This morning I went for a run in the neighborhood and appreciated having at least one weekend day without torrential rains and gale force winds. I didn’t run yesterday and hoped to make up some mileage today. I thought about going to Stillwell but those trails make for hard running that sometimes limits my distance. Conditions for my street run were near perfect, with temperatures in the 50’s and partly cloudy skies.

If the weather holds I’ll be able to get out for some more miles tomorrow morning. I ended up covering today’s route 25 seconds per mile faster than I’d expected. That gave me a boost and it reinforced that my conditioning is in a good place right now. The Long Beach Turkey Trot is still a few weeks away. I’m hoping that hurricane Sandy doesn’t wash out my training this coming week.

Following the primary rule of racing

Today’s run (treadmill): 25 minutes

It’s probably overkill to rest two days before a 5K race, but that’s what I’m planning to do. I have gotten away with a single day’s rest before some races, but I’ve also paid the price for running hard prior to race day. The primary rule of racing is “Don’t change what works.” In the same way that you’d never try a new gel or sport drink or wear new running shoes for the first time on the day of a race, there’s little to be gained by changing your preparation methodology.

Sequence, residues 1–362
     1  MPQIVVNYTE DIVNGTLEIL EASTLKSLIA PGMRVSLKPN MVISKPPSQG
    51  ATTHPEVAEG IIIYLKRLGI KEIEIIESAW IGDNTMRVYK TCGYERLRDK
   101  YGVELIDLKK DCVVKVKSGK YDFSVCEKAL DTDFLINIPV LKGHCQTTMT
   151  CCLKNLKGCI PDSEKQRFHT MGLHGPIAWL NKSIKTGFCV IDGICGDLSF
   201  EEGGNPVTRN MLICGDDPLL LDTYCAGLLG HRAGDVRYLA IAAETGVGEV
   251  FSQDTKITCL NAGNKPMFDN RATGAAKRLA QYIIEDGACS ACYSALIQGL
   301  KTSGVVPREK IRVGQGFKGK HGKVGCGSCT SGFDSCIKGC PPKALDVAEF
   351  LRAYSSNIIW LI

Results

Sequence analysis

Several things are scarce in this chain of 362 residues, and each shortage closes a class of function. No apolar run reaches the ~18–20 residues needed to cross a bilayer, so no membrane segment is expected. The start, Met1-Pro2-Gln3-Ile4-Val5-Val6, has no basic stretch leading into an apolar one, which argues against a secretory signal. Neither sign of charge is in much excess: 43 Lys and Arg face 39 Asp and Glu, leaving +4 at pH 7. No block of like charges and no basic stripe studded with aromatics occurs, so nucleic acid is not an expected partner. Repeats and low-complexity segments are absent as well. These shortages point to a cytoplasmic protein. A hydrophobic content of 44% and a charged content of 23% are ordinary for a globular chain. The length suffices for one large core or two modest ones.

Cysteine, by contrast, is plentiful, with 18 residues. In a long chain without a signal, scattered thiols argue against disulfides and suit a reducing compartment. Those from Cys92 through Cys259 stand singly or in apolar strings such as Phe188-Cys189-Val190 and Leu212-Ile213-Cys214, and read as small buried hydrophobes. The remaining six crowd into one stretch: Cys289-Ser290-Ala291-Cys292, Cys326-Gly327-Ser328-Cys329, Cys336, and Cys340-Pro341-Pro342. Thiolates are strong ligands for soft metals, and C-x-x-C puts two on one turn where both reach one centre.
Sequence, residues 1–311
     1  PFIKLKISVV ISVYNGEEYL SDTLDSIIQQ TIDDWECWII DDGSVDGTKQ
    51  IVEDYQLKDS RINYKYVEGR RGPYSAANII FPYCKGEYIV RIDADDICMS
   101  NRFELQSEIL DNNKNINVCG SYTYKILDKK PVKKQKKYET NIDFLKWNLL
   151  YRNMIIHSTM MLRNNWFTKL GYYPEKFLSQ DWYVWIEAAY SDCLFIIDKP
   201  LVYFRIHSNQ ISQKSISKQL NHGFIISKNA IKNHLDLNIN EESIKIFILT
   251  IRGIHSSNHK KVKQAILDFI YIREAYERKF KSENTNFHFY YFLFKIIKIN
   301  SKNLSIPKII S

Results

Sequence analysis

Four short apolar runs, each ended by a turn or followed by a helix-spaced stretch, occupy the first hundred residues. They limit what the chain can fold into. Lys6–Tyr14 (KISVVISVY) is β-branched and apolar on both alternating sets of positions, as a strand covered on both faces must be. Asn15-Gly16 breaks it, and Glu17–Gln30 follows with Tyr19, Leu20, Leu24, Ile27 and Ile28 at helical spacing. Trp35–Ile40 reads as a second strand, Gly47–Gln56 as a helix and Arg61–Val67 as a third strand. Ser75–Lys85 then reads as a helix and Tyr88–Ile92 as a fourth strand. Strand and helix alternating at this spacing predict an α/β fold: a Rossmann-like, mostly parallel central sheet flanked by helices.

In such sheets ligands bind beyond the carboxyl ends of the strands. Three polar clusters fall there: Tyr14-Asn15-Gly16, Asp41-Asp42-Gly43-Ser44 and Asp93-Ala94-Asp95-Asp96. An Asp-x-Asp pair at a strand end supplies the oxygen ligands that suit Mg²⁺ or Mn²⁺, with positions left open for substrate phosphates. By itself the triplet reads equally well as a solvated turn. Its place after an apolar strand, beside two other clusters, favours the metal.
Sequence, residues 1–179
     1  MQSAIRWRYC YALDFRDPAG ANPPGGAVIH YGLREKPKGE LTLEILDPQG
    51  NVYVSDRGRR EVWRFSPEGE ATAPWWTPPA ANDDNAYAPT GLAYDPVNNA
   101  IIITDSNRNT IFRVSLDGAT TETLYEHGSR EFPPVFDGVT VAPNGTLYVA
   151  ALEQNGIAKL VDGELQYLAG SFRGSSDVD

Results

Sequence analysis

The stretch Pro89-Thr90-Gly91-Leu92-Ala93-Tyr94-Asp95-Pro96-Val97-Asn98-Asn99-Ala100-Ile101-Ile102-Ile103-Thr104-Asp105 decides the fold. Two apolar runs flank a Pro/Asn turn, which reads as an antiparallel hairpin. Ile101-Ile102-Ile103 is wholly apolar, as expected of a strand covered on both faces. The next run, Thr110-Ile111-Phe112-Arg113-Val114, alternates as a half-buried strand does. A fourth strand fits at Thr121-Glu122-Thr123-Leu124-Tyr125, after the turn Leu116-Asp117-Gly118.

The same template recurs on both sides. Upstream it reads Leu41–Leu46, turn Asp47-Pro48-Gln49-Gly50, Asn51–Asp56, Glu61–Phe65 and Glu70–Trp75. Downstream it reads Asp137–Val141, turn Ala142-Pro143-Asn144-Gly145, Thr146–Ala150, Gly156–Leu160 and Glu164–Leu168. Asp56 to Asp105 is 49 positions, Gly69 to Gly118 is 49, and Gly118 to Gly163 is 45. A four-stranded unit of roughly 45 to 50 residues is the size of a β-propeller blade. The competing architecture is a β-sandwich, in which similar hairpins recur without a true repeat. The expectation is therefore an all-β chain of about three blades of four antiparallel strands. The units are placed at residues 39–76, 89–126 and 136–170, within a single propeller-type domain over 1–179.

Today was supposed to be my last training run for my taper and I looked forward to running the streets of my neighborhood. The weather report said clear skies by morning, so I geared up and headed downstairs, ready to hit the road. Unfortunately, as the garage door lifted, I could see the rain coming down hard. I would have run in a light drizzle, but this was not going to work.

I headed back upstairs and shed my outdoor gear before hopping on the treadmill to do my workout. I ran fairly hard yesterday, especially with the 3% incline, so I locked into a comfortable pace and resisted temptation to increase my speed throughout the run. Sometimes you get more out of an easy run than an intense one. After the hard training I’ve done over the past few weeks, I’m going to enjoy the next two days of rest. Hopefully, that will put me at my best on Saturday.

Crossing the T’s before crossing the line

Staying the course on Sunday

There’s less than 20 hours left until tomorrow’s race. The only things left to do are to pick up my race number at the Expo and then prepare my gear. Actually, there’s a lot of detail to that part. If the weather follows current predictions, we will have great conditions at the start of the race. In that case, I’ve identified which shirt, shorts and shoes (Kinvara 3’s) I’ll use. Along with that are many other tasks (filling my gel flask, charging my Garmin, SPIbelt items, sunglasses, warm up clothes, gear bag, etc) that must be completed.